Edward Snowden, the former National Security Agency contractor who in 2013 leaked thousands of classified documents showing U.S. surveillance of private data, argues in a new interview that retired Gen. David Petraeus was responsible for mishandling far more sensitive information than Snowden himself.

Petraeus, a former director of the CIA, is reportedly up for consideration as secretary of state under President-elect Donald Trump.

“We have a two-tiered system of justice in the United States, where people who are either well-connected to government or have access to an incredible amount of resources get very light punishments,” Snowden told Yahoo News in an exclusive interview, parts of which were published Sunday.

“Perhaps the best-known case in recent history here is General Petraeus,” he went on, “who shared information that was far more highly classified than I ever did with journalists.”

Petraeus pleaded guilty in 2015 to a misdemeanor charge of mishandling classified information after disclosing state secrets to his biographer Paula Broadwell, with whom he was having an affair.

He handed Broadwell a black book of highly classified “code word” documents that included the identities of covert officers and notes of National Security Council meetings, according to court records. Petraeus retrieved the information three days later, and Broadwell never made the information public.

Petraeus was sentenced to two years’ probation and ordered to pay a $100,000 fine.

Snowden, who leaked classified information to journalists to expose the NSA’s massive surveillance of Americans and others around the globe, also criticized the general’s motives, claiming that Petraeus leaked agents’ identities to impress his lover.

“His desire to sleep with his biographer was greater than his concern for agents’ safety,” Snowden tweeted on Sunday. “He did get laid, though.”

Snowden told Yahoo’s Katie Couric that Petraeus “shared this information not with the public for their benefit, but with his biographer and lover for personal benefit — conversations that had information, detailed information, about military special-access programs, that’s classified above top secret, conversations with the president and so on.”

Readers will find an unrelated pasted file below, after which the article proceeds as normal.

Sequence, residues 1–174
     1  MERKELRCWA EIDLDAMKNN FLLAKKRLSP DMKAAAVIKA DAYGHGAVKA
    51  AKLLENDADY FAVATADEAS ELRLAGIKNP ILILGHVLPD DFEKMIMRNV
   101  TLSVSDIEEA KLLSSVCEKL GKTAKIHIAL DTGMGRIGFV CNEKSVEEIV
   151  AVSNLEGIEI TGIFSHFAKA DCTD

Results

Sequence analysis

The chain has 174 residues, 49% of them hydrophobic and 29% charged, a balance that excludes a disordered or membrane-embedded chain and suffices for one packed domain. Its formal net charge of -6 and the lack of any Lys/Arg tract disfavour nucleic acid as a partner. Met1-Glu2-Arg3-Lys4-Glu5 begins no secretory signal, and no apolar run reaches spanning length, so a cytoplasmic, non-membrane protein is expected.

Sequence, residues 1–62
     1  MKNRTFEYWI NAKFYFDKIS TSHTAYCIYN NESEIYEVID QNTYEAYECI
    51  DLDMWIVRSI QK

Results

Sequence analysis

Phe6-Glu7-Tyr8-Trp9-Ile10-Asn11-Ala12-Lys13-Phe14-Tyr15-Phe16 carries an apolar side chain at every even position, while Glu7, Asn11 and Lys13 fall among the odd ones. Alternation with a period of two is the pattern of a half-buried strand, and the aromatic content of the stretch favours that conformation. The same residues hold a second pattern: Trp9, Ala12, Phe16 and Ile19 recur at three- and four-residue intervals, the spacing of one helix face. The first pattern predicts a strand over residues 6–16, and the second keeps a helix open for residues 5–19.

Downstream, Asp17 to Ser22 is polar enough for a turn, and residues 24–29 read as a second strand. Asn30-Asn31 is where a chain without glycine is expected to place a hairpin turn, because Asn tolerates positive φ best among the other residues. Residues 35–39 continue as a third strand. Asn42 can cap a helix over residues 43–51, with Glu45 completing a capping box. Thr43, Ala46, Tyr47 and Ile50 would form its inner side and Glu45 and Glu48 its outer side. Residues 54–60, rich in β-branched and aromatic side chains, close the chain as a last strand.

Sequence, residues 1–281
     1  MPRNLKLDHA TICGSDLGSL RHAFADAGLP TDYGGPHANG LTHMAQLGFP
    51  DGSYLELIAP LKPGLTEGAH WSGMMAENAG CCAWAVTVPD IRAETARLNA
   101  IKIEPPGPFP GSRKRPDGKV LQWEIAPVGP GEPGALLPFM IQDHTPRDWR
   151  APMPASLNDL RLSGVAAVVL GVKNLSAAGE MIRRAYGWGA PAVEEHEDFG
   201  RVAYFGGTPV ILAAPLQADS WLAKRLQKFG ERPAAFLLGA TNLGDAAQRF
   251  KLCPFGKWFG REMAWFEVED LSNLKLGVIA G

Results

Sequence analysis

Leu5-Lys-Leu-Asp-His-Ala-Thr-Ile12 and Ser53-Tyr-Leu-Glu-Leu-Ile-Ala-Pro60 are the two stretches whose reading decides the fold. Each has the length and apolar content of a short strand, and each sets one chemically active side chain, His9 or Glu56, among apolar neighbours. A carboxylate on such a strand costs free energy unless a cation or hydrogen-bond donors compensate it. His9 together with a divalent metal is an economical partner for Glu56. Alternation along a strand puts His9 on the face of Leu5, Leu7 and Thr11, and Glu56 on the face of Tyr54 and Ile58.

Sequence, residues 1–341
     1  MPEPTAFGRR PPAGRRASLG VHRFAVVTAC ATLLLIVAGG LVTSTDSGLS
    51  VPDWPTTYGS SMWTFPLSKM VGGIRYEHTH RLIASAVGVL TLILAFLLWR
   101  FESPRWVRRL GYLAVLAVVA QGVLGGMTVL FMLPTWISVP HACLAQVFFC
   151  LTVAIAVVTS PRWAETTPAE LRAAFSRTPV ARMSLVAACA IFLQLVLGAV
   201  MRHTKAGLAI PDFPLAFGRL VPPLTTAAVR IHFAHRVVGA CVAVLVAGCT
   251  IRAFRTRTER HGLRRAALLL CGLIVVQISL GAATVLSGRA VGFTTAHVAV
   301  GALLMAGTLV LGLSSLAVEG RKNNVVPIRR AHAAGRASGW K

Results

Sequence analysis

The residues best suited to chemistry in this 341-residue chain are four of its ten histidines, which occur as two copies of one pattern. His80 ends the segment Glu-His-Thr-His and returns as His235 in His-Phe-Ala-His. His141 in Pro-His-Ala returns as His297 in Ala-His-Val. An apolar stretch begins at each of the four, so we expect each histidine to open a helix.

He added that Petraeus “never spent a single day in jail, despite the type of classified information he exposed.”

Snowden spoke to Couric in Moscow, where he now lives as a fugitive.

Petraeus hasn’t responded to Snowden’s comments, but he apologized again for the leaks after meeting with Trump late last month to discuss a possible role as secretary of state.

Petraeus said on ABC’s “This Week” Sunday that the FBI “acknowledged that nothing that was in my journals that I shared — certainly improperly — ended up in the biography or made it out to the public. I think that’s a fairly significant point.”

“Five years ago, I made a serious mistake,” he went on. “I acknowledged it, I apologized for it, I paid a very heavy price for it and I’ve learned from it.”

Snowden, who has been charged with treason, is seeking a pardon or a plea deal from the Obama administration before Trump steps into the White House.

The “idea here,” he explained to Couric, is that “when most people who are involved in government or the intelligence community are involved in some sort of case where the government goes, ‘This person was acting in good faith, they were trying to do right by the American people, but they did break the law’ ― no charges are ever brought.”

Snowden’s full interview will be available for viewing Monday night.